What is Alzheimer's disease?
Alzheimer's is a disease that causes dementia, or loss of brain function. It affects the parts of the brain that are important for memory, thought, and language.
The brain of a person with Alzheimer's contains abnormal clumps of cellular debris and protein (plaques) and collapsed microtubules (support structures inside the cell). Microtubule collapse is caused by a malfunctioning protein called tau, which normally stabalizes the microtubules. In Alzheimer's patients, tau proteins instead cluster together to form disabling plaques and tangles. These plaques and tangles damage the healthy cells around them, leading to cell death. The brain also produces smaller amounts of neurotransmitters (acetylcholine, serotonin, and norepinephrine), chemicals that allow nerve cells to talk to one another.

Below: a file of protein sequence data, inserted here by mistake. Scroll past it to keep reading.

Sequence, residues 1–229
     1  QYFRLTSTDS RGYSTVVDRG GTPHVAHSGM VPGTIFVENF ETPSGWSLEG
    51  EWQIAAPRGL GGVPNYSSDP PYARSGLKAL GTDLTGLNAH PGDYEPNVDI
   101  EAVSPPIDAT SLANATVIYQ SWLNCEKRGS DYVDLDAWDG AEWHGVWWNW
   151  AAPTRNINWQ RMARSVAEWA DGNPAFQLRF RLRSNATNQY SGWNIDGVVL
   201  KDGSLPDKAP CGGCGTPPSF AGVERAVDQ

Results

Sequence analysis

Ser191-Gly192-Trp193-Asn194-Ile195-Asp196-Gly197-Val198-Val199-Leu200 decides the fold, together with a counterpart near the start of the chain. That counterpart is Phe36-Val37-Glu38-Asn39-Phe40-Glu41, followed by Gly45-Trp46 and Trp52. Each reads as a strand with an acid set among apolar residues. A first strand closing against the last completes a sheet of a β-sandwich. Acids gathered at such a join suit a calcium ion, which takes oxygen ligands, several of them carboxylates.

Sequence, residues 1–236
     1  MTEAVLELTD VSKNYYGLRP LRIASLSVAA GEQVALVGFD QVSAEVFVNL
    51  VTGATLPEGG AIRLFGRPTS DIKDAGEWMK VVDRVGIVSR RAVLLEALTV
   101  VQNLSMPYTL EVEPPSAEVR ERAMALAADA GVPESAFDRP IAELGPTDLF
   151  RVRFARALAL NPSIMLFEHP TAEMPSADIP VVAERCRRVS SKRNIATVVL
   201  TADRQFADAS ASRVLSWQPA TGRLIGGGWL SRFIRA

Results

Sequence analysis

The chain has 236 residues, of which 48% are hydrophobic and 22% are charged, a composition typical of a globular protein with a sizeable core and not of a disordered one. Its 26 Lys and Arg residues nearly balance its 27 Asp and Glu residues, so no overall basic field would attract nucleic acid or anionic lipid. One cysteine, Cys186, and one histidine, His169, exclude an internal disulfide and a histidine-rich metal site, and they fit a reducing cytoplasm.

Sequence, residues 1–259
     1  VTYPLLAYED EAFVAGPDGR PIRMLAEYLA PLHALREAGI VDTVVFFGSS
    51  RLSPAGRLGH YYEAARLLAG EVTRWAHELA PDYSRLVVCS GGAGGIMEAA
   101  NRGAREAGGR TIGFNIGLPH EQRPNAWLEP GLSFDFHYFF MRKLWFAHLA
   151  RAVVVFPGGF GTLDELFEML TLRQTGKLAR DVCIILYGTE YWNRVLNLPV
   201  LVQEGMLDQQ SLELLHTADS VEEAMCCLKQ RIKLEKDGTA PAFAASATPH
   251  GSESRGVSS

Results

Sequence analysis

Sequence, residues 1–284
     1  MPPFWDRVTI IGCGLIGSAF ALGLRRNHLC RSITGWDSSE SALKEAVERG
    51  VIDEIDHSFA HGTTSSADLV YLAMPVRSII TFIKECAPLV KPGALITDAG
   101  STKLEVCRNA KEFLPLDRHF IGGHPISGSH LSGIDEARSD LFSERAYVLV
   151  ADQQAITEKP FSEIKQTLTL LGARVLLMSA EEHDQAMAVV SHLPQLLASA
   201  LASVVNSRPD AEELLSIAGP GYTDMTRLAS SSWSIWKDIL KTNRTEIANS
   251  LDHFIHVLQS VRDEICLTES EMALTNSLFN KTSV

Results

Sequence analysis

The most common form of the disease, which strikes after age 65, is linked to the apolipoprotein E (apoE) gene on chromosome 19. Scientists don't know how apoE4 increases the risk of developing Alzheimer's. They do know that everyone has apoE, which comes in three forms.
One of the forms (apoE4) increases a person's risk of developing Alzheimer's. The other two forms seem to protect against the disease. While people who inherit the apoE4 form of the gene are at increased risk for the disease, they will not necessarily develop it.
Mutations in genes found on chromosomes 1, 14, and 21 are linked to rarer forms of the disease, which strike earlier in life.